Proxy advisors and investment professionals are reasonably sophisticated consumers of compensation data. They understand that modifier metrics, hurdle metrics, high watermarks, and other non-traditional structures can add value to a program. But there are some compensation programs that seem to take things to extremes. To illustrate, let’s focus on the number of metrics of short-term incentive programs as an imperfect proxy for program complexity.

According to ISS Incentive Labs data, among S&P 1500 companies, the median number of metrics used in a short-term incentive plan is four, with the middle 50 percent of companies using between two and five metrics. In general, these aren’t highly complex programs; even at the 75th percentile, where there are five metrics in operation, the program is generally understandable, and investors can easily grasp the interactions among metrics in most cases. Perhaps more importantly, executives can focus management attention on improving those key metrics; there’s clear line of sight to what the board wants management to prioritize.

But some companies take metrics to an extreme. There are some companies that have more than 50 metrics in their short-term programs (set aside an afternoon and go through the programs at Consolidated Edison or Pinnacle West Capital, for instance) – and many more companies have at least 15 metrics. When you ask the CEO to focus on everything (or, at least, too many things), you face the risk of losing the CEO’s focus on the things that are most important.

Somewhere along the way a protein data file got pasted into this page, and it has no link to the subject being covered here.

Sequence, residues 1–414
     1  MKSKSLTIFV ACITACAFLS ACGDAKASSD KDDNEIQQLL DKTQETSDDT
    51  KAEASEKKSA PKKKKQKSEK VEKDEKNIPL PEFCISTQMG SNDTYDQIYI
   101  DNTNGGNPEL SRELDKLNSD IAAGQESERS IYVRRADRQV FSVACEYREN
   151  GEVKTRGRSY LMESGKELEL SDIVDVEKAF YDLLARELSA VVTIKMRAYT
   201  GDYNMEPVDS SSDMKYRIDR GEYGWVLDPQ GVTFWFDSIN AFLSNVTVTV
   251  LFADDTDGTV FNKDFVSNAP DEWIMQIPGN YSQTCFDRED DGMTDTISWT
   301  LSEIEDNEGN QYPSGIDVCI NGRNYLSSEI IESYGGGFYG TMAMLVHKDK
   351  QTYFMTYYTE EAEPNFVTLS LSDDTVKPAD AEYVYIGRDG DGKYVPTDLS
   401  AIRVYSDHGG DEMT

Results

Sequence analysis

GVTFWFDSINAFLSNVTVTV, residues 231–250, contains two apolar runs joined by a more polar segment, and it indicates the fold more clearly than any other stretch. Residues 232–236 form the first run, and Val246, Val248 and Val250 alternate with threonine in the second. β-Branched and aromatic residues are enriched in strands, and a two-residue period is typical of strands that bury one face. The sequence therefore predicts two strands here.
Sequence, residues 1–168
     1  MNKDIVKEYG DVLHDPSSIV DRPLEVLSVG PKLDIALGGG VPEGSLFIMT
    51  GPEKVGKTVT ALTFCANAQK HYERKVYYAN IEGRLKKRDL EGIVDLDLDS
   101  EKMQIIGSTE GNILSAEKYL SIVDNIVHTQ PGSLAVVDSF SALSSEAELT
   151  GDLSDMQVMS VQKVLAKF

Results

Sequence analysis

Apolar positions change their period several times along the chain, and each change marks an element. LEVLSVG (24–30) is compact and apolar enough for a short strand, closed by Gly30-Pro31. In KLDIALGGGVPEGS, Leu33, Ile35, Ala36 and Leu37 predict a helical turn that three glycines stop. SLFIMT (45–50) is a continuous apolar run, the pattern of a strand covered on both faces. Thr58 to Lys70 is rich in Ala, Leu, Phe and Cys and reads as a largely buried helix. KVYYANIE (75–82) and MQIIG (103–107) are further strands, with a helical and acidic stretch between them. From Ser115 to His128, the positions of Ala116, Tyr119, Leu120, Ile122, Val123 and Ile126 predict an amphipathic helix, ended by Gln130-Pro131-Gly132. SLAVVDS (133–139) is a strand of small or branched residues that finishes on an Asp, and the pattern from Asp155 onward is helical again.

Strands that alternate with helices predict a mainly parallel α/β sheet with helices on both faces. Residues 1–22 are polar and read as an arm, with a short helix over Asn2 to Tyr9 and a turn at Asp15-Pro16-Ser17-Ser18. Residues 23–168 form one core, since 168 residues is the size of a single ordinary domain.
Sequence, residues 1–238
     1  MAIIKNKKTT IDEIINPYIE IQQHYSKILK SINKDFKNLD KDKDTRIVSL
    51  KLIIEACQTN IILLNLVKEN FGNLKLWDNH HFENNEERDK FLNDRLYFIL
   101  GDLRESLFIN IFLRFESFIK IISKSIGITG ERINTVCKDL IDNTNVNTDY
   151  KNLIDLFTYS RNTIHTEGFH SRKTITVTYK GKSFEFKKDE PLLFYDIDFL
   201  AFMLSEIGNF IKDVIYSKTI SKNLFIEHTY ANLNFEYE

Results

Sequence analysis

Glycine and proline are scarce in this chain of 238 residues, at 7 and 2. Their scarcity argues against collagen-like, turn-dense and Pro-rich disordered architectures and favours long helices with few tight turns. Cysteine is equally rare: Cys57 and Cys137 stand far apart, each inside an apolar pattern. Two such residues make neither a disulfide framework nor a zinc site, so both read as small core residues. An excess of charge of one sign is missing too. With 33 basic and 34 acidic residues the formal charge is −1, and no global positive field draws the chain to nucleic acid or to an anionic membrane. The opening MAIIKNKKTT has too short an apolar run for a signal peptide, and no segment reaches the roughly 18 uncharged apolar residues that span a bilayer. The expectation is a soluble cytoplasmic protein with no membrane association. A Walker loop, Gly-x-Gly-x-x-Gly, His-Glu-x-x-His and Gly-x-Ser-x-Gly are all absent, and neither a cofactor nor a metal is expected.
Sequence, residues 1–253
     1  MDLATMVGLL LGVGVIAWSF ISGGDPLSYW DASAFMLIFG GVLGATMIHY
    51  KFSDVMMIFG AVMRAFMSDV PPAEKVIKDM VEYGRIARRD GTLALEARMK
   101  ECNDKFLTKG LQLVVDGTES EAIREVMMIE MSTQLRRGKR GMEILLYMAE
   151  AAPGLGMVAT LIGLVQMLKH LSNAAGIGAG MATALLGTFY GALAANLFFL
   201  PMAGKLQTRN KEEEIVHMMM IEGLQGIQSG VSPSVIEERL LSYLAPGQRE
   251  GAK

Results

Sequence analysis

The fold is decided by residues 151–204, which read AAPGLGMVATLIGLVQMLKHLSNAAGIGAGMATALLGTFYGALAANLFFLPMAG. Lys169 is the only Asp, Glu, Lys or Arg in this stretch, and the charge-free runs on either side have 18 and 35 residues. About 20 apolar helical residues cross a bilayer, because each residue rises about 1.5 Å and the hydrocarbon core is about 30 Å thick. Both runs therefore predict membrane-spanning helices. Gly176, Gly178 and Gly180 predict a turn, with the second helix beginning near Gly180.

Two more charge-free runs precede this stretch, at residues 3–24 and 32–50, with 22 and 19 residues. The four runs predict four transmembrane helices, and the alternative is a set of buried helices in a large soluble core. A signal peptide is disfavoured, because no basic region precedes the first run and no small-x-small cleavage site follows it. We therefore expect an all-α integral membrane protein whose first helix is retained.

Ninety percent of S&P 1500 companies include eight or fewer metrics in their short-term program. If a company employs more than eight metrics in their STIP, the program may be worth a closer look. One may at least look for a rationale as to why fewer metrics cannot be used.

On the long-term side, the median number of metrics used (including modifiers and hurdles) is three, with the middle 50 percent of companies using between two and four metrics. Only 10 percent of companies use six or more metrics – although we see some companies using significantly more than that.